In today’s roundup of regional news headlines, Joseph Lau’s Chinese Estates suffers a full-year loss tied to its Evergrande investments, a Singapore condo complex goes back on the market following Hong Kong developer Shun Tak’s exit from the deal, and mainland property firm Ronshine delays its earnings call after auditor PricewaterhouseCoopers resigns.
Chinese Estates Holdings, a major ally of heavily indebted Chinese developer China Evergrande Group, swung to a loss last year as China’s housing market soured.
The Hong Kong developer controlled by the family of fugitive property tycoon Joseph Lau reported a loss of HK$3.5 billion ($447 million) for 2021, having recorded a profit of HK$622.2 million the previous year. The company said in a filing to the Hong Kong exchange that the loss was mainly due to a decline in dividend income from China Evergrande shares, as well as losses from Chinese Estates’ equity and bond investments. Read more>>
Freehold condominium High Point is taking another shot at a collective sale with a reserve price of S$550 million ($405 million) after Hong Kong-listed developer Shun Tak Holdings called off the en bloc deal in December.
The figure works out to S$2,508 per square foot per plot ratio after factoring in the 7 percent bonus gross floor area for balconies. The development charge payable for the 7 percent bonus GFA is S$18.8 million, according to exclusive marketing agent Savills. Read more>>
Investors are bracing for more delays in Chinese developers’ 2021 results as Ronshine China Holdings becomes the latest to announce the resignation of its auditor.
Ronshine won’t file audited results by the end-of-March deadline, as PricewaterhouseCoopers was unable to complete its audit work because the supply of requested information had fallen behind schedule, the real estate firm said in a Monday filing with the Hong Kong stock exchange. Read more>>
Embattled Chinese developer China Evergrande suspended trading in Hong Kong on Monday morning, according to exchange filings.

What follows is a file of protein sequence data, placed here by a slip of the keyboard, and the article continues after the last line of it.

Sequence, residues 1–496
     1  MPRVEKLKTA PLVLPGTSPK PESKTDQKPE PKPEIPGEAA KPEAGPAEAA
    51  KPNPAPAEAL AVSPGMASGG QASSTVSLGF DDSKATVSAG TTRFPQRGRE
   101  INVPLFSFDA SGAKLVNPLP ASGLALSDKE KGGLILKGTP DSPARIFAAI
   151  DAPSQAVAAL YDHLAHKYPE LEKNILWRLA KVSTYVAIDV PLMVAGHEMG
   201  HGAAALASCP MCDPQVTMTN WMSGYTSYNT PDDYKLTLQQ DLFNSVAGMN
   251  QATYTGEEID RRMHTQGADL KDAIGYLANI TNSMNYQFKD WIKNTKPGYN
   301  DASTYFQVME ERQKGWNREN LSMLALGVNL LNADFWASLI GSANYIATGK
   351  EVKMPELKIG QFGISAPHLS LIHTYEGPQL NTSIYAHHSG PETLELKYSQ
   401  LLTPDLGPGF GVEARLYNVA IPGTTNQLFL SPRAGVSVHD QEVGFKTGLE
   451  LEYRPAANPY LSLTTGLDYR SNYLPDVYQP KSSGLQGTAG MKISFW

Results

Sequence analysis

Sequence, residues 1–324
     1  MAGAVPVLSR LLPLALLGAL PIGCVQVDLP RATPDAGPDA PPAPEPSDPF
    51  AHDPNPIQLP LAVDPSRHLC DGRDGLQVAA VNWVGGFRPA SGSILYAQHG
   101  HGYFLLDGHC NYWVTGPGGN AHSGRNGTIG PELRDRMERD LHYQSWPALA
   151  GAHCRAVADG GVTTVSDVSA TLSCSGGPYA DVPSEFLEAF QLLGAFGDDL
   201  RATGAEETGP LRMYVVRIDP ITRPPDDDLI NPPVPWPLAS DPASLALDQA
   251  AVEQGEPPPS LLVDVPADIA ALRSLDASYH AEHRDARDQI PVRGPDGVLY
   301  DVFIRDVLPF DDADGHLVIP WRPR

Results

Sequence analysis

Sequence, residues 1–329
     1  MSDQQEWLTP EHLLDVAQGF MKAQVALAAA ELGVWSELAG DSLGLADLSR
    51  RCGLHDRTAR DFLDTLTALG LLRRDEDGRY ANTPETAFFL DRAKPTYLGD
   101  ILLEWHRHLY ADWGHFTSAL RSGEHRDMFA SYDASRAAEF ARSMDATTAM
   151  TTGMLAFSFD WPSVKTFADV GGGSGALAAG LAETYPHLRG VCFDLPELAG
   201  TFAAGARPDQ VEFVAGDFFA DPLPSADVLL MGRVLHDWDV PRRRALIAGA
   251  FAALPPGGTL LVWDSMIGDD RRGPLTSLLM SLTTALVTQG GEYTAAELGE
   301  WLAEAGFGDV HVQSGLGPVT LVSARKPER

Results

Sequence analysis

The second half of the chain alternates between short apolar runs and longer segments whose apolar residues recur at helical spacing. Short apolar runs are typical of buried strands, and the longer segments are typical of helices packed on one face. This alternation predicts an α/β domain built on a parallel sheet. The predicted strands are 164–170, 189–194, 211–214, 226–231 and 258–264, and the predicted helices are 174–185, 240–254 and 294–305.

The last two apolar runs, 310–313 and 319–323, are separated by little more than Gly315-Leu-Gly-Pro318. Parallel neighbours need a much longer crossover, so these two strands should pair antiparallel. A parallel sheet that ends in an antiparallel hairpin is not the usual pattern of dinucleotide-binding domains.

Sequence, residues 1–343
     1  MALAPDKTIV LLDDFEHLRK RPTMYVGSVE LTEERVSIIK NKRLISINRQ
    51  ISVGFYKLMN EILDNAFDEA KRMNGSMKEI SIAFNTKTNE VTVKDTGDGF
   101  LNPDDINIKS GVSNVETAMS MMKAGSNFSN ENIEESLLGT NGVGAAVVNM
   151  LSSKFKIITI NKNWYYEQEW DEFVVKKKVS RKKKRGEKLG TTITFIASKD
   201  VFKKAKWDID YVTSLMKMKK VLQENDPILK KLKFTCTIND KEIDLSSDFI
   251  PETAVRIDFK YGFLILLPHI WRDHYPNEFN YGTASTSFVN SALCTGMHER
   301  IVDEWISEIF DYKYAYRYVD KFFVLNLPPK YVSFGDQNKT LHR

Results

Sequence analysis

Shares of Evergrande Property Services Group and China Evergrande New Energy Vehicle Group were also halted without giving any reasons. Read more>>
According to government statistics, China’s housing market has cooled from its hot gains of years past but is still ticking along. The average new-home price rose 1.7 percent year-on-year in January and 1.2 percent in February.
Yet financial filings, marketing materials for apartments, property agents and analysts tell a different story: debt-burdened developers are selling apartments at falling prices and in some cases providing big discounts to get cash in the door. Read more>>
Ping An Insurance, China’s largest insurer by market capitalisation, will continue to invest in real estate despite having to make a massive provision for its holding in property firm China Fortune Land Development.
Ping An last week reported a worse-than-expected 29 percent decline in net profit to RMB 101.6 billion ($15.9 billion) for 2021. This was mainly because of a RMB 43.2 billion provision it had to make for its investments in Fortune Land, of which it is the largest shareholder with a 25.2 percent stake. Read more>>
Known as the “grand old dame”, The Peninsula Hong Kong has withstood several tumultuous periods throughout its more than 90-year history. But the COVID-19 pandemic is the toughest challenge that the iconic hotel and its operator have faced yet, a top executive said.
The past two years have been tough for Hong Kong and Shanghai Hotels, which currently owns and operates 10 Peninsula hotels in Asia, the US and Europe. The company reported losses of HK$1.94 billion ($248 million) in 2020 and HK$120 million last year. Read more>>
China kept its benchmark lending rate unchanged despite concerns over a cooling economy, the central bank confirmed on Monday, but further easing is expected.
The one-year loan prime rate — on which most new and outstanding loans are based — remained at 3.70 percent at the March fixing. Read more>>